As Canadians anxiously await the arrival of approved vaccines for COVID-19, employers and employees are beginning to examine how this might impact the workplace.

Vaccines have long been a divisive issue. While everyone is entitled to their own opinion, government mandates and workplace safety laws do not wait for the collective opinion to find a consensus.

This article will review workplace safety laws regulating Ontario employers regarding both COVID-19 and vaccines in general, to outline how the COVID-19 vaccine might be managed in workplaces across the province.

Vaccines and COVID-19 Testing in Ontario

“Vaccine or Mask” Policies Prior to the Pandemic

The 2018 Ontario grievance arbitration decision in St Michael's Hospital v Ontario Nurses' Assn (Vaccinate or Mask Policy Grievance), [2018] OLAA No 292, determined that the Hospital's “Mask or Vaccine” policy was unreasonable. This policy required that nurses either receive the influenza vaccine or wear a surgical mask for the entirety of their shift. Evidence presented in this case showed that forcing healthy nurses to wear a mask during the influenza season did nothing to prevent transmission of influenza in hospitals.

However, in our view, it is unlikely we will see a similar decision in what is a very different era of COVID-19. Throughout the ongoing COVID-19 Pandemic, masks have already been made mandatory for healthcare workers and these employees are first in line to get the new COVID-19 vaccines.

COVID-19 Testing Policies

A very recent, unpublished Ontario Arbitration decision, Christian Labour Association of Canada v Caressant Care Nursing & Retirement Homes released on December 9, 2020, challenged the employer's policy that all staff at its retirement home must be tested for COVID-19 every two (2) weeks. Arbitrator Dana Randall dismissed the grievance, ruling that the tests were reasonable given all the circumstances. The test was different from many alcohol and drug testing policies which have been found to be unreasonable, as intoxicants are not infectious. In weighing the privacy breach against the safety goals of the policy, the Arbitrator considered it important that it is not in dispute that COVID-19 is highly infectious and often deadly for the elderly who live in contained environments.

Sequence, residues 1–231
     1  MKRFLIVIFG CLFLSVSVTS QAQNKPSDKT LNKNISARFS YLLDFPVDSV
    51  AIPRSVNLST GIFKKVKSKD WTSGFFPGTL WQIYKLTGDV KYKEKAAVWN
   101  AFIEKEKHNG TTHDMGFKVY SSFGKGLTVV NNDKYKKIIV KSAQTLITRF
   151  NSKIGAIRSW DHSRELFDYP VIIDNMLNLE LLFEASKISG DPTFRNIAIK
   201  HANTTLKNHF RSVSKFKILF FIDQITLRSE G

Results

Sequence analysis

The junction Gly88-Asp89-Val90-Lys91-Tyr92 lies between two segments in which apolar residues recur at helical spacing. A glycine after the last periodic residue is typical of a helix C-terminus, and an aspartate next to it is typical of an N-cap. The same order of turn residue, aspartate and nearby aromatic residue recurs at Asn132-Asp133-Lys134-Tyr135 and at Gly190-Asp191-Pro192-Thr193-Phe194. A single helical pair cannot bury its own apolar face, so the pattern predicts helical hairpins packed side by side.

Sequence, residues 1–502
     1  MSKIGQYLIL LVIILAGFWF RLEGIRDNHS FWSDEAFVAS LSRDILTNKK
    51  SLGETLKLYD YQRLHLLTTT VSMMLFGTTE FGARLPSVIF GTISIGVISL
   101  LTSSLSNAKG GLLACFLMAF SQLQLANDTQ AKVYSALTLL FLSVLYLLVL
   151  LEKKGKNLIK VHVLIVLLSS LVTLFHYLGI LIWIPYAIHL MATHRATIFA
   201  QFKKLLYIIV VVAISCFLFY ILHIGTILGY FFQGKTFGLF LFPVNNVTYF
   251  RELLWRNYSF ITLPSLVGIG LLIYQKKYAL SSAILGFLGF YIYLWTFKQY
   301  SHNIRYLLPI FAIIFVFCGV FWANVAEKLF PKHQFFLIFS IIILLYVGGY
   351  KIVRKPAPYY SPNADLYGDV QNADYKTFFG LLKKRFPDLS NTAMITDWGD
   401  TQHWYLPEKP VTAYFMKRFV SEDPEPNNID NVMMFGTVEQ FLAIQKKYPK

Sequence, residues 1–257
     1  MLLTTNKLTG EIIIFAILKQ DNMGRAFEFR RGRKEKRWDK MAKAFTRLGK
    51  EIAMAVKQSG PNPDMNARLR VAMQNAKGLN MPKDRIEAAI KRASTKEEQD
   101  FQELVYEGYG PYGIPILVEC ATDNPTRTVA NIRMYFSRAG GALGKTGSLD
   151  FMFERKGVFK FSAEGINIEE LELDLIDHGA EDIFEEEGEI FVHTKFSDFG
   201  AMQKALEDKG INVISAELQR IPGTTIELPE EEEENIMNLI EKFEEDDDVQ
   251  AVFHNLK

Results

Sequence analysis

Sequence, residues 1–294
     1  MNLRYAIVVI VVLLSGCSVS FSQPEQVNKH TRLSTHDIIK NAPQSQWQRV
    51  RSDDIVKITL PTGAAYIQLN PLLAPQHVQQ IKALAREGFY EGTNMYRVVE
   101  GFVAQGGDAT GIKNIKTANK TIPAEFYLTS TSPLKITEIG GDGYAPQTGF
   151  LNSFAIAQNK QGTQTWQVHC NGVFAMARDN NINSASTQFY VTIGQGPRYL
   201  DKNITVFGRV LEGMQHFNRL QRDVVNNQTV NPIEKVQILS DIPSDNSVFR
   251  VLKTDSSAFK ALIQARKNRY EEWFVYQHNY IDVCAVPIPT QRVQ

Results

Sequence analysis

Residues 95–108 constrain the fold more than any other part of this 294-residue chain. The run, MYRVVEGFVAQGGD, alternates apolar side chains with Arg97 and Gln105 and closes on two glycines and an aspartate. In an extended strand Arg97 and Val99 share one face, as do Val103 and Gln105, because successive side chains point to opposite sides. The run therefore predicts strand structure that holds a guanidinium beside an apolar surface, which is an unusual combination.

Vaccine Mandates in Ontario

Ontario has made vaccines mandatory in some settings. Ontario's Immunization of School Pupils Act requires that children and adolescents attending primary or secondary school be appropriately immunized against a list of nine (9) designated diseases. The requirements for a valid exemption under this Act are as follows:

  • Medical Reasons: A 'Statement of Medical Exemption' form must be completed, signed by a doctor or nurse practitioner, and submitted to a local public health unit. The reason for the exemption must be indicated, such as a medical condition that prevents the child from receiving the vaccine; or
  • Conscience or Religious Belief: An education session must be completed at the local public health unit that covers basic information about immunization, vaccine safety, immunization and community health, and immunization law in Ontario. A 'Statement of Conscience or Religious Belief' form must be completed, signed by a commissioner for taking affidavits in Ontario, and submitted to the local public health unit.

So, where does this leave us with COVID-19 vaccines in the workplace?